Mike Holmgren, the Seattle Seahawks and unfair comparisons
By Danny O'Neil | The Seattle Times
It is impossible to discuss Mike Holmgren's departure in Cleveland without contrasting it against where Seattle currently sits.
That's unfair. It's unfair for him, for the Seahawks' franchise and for the person trying to put the relationship in perspective.
Holmgren is the most successful coach in Seahawks history. He made the playoffs six times in 10 years, won four straight division titles and led the team to its only Super Bowl appearance. He won four playoff games for a franchise that had won a total of three in the 23 years before he arrived.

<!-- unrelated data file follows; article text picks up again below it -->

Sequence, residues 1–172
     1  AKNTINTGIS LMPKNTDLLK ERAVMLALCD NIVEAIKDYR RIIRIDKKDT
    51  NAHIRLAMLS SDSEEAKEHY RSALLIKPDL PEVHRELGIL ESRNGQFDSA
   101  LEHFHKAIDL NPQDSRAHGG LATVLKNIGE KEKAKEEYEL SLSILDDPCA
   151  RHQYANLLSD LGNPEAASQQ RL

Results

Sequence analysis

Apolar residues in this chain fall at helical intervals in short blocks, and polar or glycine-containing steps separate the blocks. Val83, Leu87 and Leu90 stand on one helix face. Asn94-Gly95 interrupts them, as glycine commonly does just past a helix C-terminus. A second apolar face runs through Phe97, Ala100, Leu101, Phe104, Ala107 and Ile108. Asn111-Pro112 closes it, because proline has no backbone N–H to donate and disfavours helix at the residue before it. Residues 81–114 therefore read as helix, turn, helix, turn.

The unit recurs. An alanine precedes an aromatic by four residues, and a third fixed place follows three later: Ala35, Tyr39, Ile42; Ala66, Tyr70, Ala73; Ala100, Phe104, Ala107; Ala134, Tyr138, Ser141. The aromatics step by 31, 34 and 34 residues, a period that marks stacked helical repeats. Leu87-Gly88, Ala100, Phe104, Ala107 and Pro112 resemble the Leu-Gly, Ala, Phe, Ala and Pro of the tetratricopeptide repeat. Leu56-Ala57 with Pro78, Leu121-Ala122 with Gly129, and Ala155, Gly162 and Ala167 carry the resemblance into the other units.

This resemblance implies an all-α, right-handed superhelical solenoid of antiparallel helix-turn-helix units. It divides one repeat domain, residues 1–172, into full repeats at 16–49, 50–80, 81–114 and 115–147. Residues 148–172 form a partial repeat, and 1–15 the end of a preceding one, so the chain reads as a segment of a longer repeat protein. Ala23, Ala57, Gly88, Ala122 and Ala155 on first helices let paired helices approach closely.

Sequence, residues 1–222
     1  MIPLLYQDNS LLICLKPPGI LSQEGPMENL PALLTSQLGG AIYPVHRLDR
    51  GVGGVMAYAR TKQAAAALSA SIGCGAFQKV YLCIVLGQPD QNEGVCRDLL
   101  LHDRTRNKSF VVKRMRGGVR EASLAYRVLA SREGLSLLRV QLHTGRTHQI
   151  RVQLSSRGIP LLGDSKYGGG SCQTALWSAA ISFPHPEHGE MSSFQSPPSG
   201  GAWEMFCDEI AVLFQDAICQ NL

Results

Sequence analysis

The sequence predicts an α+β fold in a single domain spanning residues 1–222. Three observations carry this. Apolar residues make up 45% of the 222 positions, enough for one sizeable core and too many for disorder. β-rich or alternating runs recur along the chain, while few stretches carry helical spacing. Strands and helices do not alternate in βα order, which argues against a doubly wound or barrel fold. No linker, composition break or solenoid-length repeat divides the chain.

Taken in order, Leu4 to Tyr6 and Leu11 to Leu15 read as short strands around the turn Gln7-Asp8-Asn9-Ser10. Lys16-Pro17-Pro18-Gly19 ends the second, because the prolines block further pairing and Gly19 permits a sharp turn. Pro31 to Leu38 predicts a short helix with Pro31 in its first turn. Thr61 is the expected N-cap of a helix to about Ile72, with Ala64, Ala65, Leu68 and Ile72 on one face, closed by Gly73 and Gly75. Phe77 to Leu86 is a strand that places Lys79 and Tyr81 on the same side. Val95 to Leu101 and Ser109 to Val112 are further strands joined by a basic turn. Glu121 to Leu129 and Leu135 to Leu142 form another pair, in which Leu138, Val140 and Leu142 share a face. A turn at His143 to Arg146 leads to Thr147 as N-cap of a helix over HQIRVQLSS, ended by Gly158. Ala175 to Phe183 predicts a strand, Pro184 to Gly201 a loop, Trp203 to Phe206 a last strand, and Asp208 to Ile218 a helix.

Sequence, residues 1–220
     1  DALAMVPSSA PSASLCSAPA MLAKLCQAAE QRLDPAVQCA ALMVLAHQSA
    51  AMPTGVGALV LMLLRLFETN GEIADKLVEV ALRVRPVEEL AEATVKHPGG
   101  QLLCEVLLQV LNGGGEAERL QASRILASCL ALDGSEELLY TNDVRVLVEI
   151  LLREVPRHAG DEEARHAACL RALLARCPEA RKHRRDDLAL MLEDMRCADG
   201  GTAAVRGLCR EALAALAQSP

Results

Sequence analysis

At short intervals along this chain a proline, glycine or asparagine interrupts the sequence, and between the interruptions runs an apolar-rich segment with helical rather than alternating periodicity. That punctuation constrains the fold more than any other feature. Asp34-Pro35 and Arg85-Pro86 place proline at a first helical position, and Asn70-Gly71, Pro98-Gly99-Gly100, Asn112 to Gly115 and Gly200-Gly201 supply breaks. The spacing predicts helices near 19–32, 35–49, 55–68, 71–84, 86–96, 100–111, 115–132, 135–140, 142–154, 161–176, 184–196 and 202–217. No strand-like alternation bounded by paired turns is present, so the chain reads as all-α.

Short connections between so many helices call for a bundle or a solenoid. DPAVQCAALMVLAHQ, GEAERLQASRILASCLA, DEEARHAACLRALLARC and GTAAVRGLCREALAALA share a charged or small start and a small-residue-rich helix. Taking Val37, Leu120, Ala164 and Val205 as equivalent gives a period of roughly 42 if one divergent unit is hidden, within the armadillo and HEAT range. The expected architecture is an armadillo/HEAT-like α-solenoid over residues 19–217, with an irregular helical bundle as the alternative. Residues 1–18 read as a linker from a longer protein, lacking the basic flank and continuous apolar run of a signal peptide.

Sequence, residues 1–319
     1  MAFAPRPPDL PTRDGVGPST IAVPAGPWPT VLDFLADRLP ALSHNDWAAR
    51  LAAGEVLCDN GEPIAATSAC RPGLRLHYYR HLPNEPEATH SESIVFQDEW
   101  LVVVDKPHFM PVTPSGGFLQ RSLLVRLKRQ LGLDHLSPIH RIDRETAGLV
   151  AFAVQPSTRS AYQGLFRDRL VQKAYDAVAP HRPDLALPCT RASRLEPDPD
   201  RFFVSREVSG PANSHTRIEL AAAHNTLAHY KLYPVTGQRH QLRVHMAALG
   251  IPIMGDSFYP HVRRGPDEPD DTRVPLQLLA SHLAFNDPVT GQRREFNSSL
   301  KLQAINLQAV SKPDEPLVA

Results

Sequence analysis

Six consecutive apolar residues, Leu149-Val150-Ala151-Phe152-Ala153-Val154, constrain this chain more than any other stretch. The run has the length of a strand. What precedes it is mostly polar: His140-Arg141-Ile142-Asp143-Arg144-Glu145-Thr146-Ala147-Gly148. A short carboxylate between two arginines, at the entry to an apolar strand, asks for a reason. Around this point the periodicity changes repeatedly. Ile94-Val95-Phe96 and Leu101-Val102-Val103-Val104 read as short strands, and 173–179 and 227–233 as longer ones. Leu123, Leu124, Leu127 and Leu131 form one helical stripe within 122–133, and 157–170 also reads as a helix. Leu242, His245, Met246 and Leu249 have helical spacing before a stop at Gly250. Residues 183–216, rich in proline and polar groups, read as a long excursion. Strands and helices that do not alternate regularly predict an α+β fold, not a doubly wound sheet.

He was a great coach, and a better general manager than he was given credit for. That Super Bowl team in 2005? That was his offense, pieced together player by player and year by year. Matt Hasselbeck was his quarterback.
And when he was hired in Cleveland three years ago at the same point Seattle was at a crossroads as a franchise, it created a situation in which his tenure with the Browns would always be contrasted by the Seahawks' direction under Pete Carroll.
That wasn't fair, either. Carroll was hired as a coach, Holmgren's role more as a de facto owner. The parallel paths of Holmgren's return to the NFL and Seattle's fresh start under Carroll makes the comparisons inevitable. That just doesn't mean they're fair.
Holmgren was hired to rebuild Cleveland's franchise, and now he's being steered toward the exit only halfway through his deal. It's too bad. Really it is, and it is only made more difficult by the comparisons with Seattle.